This is the last column of mine that will appear before Thanksgiving, so I will devote it to expressions of gratitude. If it gets too sappy in some places, or too sarcastic in others, feel free to click back to the home page. I won’t be offended.
My thanks this season go to:
Jane Hall (search), Jim Pinkerton (search), Cal Thomas (search) and Neal Gabler (search), the "Fox News Watch" panel, who are such good company, both on and off the air, that I have come to think of the program, and the time we spend together before (in the green room), and after (in a burger joint), as less a job than a social event -- a party attended by only the best people, to which I was somehow able to get an invitation.
Fox News Channel executives, who give "Fox News Watch" such freedom, never interfering with the program’s content, even though they know that, with such diverse viewpoints represented on the panel, they are almost certain to find something teeth-gnashingly offensive about every single episode.
Those who send e-mails to "Fox News Watch" that are thoughtful or humorous or both. The Internet is helping to transform television, which used to be a one-way street, into a two-way street, which is what communication is supposed to be.
Those who have sent e-mails to me, personally, with comments and compliments about my new book, "The Spirits of America: A Social History of Alcohol," even though the book has nothing whatsoever to do with news-watching. My gratitude here, obviously, should take the form of a toast.
My thanks go as well to:
Barbara Walters (search) and Diane Sawyer (search), the queens of the celebrity interview, an exercise so mindless and predictable and almost totally un-newsworthy in its execution; they are the doyennes of “the big get,” which, in actual consequence, means so little to the lives of human beings intelligent enough to tie their own shoes. Walters and Sawyer have given us a lot of material for Fox News Watch over the years.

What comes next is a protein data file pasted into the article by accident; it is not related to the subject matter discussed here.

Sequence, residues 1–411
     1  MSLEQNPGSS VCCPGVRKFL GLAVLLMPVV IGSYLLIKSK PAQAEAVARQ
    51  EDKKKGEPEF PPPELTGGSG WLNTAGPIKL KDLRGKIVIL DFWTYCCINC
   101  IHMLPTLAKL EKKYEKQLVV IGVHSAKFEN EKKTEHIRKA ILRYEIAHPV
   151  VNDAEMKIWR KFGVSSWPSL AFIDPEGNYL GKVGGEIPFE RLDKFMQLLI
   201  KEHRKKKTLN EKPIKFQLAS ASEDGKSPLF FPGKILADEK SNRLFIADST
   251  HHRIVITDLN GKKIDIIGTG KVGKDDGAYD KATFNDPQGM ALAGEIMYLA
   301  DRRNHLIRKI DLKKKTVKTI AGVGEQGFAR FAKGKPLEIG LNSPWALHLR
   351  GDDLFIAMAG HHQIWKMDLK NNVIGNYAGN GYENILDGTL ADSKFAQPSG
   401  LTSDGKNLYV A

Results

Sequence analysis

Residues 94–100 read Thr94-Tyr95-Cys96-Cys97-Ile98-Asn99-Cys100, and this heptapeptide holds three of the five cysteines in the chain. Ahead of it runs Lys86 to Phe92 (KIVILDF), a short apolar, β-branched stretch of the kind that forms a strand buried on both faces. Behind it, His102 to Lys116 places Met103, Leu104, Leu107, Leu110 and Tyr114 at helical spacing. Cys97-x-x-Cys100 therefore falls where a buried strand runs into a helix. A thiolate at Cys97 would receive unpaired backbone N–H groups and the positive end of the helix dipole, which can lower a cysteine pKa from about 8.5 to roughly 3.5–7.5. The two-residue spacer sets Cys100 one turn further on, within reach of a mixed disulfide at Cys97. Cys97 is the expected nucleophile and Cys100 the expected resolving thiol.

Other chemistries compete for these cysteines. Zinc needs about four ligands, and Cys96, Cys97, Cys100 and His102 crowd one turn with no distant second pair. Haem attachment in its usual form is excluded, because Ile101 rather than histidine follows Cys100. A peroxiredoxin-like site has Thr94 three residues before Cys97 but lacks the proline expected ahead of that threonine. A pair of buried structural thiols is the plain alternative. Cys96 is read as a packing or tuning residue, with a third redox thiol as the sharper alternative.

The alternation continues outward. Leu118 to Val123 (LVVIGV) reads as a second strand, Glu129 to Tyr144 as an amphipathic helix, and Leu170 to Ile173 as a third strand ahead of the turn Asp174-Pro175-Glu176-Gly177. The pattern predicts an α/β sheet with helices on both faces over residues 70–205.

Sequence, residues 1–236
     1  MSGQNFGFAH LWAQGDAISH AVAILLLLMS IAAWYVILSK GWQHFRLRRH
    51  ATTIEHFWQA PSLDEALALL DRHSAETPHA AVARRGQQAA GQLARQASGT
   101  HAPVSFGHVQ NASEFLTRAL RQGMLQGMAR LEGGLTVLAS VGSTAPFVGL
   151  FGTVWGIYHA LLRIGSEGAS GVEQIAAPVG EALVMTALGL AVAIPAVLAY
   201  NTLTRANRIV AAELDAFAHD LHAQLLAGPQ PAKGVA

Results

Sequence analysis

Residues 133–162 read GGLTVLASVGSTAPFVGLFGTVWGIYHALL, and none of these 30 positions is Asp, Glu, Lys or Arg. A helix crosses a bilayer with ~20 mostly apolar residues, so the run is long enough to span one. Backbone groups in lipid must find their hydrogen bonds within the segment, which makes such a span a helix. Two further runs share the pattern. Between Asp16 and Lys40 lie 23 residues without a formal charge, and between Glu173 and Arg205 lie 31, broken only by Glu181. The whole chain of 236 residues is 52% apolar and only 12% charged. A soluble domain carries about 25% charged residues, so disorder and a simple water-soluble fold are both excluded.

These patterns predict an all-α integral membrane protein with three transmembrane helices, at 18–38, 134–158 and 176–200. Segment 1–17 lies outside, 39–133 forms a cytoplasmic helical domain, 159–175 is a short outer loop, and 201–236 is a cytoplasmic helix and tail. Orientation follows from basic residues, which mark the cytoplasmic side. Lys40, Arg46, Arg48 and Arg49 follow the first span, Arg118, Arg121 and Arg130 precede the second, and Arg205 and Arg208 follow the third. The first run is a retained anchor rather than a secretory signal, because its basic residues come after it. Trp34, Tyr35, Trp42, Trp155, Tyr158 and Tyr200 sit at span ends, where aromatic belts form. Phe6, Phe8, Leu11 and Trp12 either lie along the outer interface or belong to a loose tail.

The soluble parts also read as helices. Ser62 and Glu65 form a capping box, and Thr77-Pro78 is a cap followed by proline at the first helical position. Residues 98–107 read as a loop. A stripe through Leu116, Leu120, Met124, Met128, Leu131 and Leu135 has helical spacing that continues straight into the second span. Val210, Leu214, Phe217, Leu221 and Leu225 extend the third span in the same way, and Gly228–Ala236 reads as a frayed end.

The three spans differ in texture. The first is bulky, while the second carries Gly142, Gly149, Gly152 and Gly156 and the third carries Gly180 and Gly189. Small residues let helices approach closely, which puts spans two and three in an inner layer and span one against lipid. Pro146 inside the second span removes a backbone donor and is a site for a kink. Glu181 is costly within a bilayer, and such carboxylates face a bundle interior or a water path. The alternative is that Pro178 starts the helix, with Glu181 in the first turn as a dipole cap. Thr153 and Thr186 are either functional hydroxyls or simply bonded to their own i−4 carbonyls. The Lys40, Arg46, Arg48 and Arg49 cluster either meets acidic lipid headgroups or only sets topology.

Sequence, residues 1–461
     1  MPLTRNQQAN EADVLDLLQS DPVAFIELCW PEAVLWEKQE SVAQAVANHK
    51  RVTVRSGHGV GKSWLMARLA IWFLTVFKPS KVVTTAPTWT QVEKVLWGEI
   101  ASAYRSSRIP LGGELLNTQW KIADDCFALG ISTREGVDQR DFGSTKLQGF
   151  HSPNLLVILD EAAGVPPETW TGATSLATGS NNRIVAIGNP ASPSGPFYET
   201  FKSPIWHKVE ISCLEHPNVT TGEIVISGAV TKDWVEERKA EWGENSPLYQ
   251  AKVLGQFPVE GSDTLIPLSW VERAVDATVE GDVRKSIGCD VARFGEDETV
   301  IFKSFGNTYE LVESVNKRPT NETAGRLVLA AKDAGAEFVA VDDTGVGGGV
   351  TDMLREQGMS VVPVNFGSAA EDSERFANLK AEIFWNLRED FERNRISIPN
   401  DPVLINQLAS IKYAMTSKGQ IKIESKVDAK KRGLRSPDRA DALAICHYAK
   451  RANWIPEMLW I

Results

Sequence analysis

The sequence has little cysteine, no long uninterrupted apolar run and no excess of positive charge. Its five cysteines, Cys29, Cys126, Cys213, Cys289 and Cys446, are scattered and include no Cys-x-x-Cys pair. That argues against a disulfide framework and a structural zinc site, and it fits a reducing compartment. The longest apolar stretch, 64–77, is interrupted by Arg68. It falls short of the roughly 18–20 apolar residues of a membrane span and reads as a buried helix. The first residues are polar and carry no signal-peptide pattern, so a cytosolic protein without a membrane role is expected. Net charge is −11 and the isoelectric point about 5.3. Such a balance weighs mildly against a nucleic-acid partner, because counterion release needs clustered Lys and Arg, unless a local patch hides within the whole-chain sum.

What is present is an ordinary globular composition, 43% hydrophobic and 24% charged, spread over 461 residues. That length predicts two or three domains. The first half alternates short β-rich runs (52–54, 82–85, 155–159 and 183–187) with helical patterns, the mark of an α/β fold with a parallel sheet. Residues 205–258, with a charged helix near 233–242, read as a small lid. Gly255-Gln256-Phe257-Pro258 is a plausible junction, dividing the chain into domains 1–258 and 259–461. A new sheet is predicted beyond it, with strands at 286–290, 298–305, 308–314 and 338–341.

Les Moonves, the president and CEO of CBS, for handling “The Reagans” miniseries so maladroitly that we were able to do segments on it for three consecutive weeks. As I recall, those were slow weeks in the news-watching business; had it not been for “The Reagans,” we might have been forced to talk about Barbara or Diane or some other "get-ter" again.
Martha Stewart (search) and Rosie O’Donnell (search), among others, for allowing the "Fox News Watch" panel, on more than one occasion, to make perhaps the most important of all points about today’s media culture: that the image presented by print and broadcast -- sometimes of individuals, sometimes of events -- is on occasion so grotesquely manipulated that, far from being akin to reality, it is almost reality’s opposite.
And even more thanks to:
Lynne Jordal Martin and Allison Kaufmann, who produce "Fox News Watch" so well that sometimes, on weekends, when they are not around, I end up calling them to ask what to say next or do next.
Thom Bird, the program’s executive producer, who will not give me his weekend phone number.
Tom Giones, who directs Fox News Watch with unerring skill.
Madronica Clarke and Jasia Miszkiel, who do my makeup with so much skill of their own that when people see me off the air, they often say, “What happened to you?” or “I hope you’re better soon.”
Robin Wallace of Foxnews.com, who edits this column, and hopes I’ll come up with something more original next week.
A toast to all of you, for all manner of reasons. Happy Thanksgiving!
Eric Burns is the host of Fox News Watch, which airs Saturdays at 6:30 p.m. ET/3:30 p.m. PT and Sundays at 1:30 a.m. ET/10:30 p.m. PT, 6:30 a.m. ET/3:30 a.m. PT, and 11 p.m. ET/8 p.m. PT. He is the author of several books, including The Spirits of America: A Social History of Alcohol (Temple University Press, 2003).